We landed on Hydra in the afternoon and seriously swooned at this place.  Brian and I immediately looked at each other and said we couldn't spend just 3 hours here (which was when the last ferry for the day left for the ride back to Athens).  But, first donkeys!  There are no cars on Hydra so the only ways to get around are with water taxis and donkeys- ooh the charm!!  Of course we HAD to ride the donkeys, who were lined up along the water with their enthusiastic owners pedaling rides.  Taylor was a little hesitant (last time she rode a four-legged animal, she broke her arm) but the rest of us were in dreamland.  Like, this is real life??  Riding donkeys on a Greek island...and a gorgeous, perfect, charming, did I say gorgeous island at that?  There were beautiful, tiny, maze-like alleys flanked by whitewashed homes with flowered arches overhead...so dreamy!  And, to add to the memory, those guys leading our donkeys were fighting with each other the entire 30-minute ride over who-knows-what because it was all Greek to us!  But, we couldn't talk to each other because they were so loud and stubborn and we were just seriously laughing about it the whole time. During the trip, when our girls weren't getting along we would say "don't be a donkey walker" so it reminded them of how obnoxious it can be to listen to. :)  Such funny, good memories.  Hydra is a tiny island so we ran into the only other tourists, our American friends from the ferry ride, around every corner.  They were the nicest.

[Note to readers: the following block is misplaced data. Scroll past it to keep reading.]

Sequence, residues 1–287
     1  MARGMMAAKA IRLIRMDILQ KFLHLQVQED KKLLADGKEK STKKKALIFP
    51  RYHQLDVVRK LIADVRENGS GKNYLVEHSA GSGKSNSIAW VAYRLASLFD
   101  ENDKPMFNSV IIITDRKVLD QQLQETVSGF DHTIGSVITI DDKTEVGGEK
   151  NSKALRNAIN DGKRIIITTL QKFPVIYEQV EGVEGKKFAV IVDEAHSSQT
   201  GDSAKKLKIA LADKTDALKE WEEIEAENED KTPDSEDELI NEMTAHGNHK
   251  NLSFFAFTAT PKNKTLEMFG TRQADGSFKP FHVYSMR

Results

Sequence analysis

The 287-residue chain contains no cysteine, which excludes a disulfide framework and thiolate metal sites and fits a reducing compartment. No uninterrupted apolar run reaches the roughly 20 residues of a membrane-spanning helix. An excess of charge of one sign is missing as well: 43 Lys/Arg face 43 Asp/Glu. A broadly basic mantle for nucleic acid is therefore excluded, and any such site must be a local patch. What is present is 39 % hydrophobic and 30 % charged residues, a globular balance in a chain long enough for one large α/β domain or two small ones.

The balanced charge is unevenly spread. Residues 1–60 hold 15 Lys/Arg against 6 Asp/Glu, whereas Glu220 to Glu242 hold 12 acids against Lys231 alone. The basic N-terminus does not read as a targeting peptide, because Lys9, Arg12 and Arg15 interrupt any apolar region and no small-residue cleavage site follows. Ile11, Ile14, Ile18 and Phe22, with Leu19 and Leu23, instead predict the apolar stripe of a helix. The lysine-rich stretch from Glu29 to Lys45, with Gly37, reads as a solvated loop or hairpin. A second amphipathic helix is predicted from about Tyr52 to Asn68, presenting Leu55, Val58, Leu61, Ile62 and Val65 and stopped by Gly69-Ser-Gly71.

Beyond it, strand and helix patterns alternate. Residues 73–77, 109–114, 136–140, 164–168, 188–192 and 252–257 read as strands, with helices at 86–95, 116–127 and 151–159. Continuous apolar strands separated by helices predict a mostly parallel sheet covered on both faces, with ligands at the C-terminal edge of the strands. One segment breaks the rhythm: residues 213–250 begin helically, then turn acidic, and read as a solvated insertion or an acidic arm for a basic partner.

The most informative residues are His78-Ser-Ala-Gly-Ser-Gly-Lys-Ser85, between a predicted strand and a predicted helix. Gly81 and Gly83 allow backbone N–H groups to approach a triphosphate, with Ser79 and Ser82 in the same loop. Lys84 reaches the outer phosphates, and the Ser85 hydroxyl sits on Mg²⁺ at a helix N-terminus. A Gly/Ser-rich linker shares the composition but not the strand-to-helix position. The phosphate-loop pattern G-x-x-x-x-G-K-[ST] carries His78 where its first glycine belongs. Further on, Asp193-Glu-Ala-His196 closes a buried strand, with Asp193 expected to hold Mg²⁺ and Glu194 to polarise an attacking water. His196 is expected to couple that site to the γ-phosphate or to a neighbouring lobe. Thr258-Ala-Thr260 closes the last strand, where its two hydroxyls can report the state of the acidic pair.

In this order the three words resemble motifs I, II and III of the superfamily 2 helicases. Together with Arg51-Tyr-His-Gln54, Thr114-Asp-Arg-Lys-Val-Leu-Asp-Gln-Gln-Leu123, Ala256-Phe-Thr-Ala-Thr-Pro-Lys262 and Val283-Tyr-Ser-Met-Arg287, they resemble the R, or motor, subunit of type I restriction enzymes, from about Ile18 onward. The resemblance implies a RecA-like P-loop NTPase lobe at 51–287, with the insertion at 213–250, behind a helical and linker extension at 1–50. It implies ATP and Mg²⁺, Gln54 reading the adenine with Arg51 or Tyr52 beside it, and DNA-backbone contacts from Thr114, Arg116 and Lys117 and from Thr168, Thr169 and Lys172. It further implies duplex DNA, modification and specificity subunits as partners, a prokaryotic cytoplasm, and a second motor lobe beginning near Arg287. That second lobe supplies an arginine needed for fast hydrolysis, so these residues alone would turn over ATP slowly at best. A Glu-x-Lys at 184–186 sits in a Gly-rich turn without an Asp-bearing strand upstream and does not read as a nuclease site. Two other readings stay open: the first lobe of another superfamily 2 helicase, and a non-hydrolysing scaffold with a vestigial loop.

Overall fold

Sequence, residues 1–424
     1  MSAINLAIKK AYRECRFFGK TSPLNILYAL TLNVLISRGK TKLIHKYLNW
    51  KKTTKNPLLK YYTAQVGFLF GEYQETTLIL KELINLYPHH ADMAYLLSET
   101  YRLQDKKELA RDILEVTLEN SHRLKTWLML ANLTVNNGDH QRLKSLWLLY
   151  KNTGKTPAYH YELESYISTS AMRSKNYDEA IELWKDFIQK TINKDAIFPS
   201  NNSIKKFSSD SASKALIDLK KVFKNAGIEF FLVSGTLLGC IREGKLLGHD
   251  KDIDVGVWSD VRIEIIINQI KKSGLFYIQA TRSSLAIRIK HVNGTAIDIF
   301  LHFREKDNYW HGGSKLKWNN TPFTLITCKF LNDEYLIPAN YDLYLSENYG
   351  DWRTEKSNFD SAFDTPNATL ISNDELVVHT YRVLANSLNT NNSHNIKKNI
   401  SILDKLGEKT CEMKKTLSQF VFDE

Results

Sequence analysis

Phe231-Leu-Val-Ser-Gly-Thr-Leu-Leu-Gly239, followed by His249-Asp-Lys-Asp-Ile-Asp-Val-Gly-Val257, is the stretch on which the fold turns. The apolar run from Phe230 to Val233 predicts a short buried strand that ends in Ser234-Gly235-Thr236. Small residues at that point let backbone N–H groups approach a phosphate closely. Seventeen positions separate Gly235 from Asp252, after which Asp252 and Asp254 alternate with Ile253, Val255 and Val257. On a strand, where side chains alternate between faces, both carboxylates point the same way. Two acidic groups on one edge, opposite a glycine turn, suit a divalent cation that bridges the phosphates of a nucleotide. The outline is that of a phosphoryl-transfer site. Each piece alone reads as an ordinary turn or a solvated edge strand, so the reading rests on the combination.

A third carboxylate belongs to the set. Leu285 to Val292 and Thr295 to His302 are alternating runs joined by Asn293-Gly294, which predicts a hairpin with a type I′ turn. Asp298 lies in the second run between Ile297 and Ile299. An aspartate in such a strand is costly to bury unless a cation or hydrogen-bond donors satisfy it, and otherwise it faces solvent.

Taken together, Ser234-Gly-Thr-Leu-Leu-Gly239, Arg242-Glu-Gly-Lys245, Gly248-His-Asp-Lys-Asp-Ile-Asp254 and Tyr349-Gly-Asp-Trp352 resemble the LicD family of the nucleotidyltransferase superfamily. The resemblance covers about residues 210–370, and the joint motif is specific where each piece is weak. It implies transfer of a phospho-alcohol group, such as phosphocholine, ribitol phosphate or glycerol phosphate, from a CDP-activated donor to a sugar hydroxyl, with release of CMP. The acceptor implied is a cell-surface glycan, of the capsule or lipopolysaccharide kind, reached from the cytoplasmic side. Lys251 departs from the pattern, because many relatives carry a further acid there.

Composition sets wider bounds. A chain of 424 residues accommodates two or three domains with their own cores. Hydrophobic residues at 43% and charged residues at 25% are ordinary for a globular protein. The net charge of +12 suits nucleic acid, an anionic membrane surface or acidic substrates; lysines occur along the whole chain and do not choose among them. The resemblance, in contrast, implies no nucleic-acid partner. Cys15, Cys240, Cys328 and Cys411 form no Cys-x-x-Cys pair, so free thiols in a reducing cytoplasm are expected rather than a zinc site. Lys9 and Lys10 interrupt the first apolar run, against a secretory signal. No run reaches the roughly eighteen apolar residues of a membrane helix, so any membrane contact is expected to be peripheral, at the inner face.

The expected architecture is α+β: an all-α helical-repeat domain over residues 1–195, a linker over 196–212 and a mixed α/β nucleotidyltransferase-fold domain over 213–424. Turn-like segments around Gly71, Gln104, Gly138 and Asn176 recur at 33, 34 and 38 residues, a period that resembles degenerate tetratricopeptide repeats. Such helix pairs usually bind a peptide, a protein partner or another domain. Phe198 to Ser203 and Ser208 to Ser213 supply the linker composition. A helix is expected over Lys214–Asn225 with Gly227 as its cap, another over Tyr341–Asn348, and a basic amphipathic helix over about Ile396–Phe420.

Riding donkeys on a Greek island!! Taylor holding on for dear life...I love her! (Reminds Brian and I of her death grip riding bikes in downtown Paris, here)

 

Island of Hydra upon arrival...seriously beautiful.

Island of Hydra upon arrival...seriously beautiful.

 

We walked all long the paths on either side of the bay, mesmerized by the beauty and the clear, green, rocky waters of the Aegean Sea.  We had to stick our toes in too!  There is something about being on vacation, relaxing in warm weather and listening to water lapping against rocks (or sand, in other cases) that is so perfect.  I wanted to stay in that moment forever. 

We walked back and made the final choice to let the last ferry leave without us and get a cheap hotel room for one night and just sleep in our clothes.  The kids were pretty excited about not having to brush their teeth or get ready for bed!  After searching for a while (99% of hotels were closed due to off-season), we found two rooms at a hotel with two single beds in each.  The girls all crowded in 4 deep to their two little beds in their own room.  We found a yummy restaurant to eat Thanksgiving dinner- they even had turkey, but no worries, it tasted nothing like any turkey I've ever eaten.  ;)   And, halfway through our dinner, our American friends came to the same restaurant.  So, it was like eating dinner with a big group of friends on Thanksgiving!  We ate and talked for a couple of hours and then we headed off to bed for the night.

 

Probably just as many cats on this island as people!  The alleys here were gorgeous.

Trying to find a hotel...

Ice cream makes everything better

 

 To be continued...

The Lisbon Marathon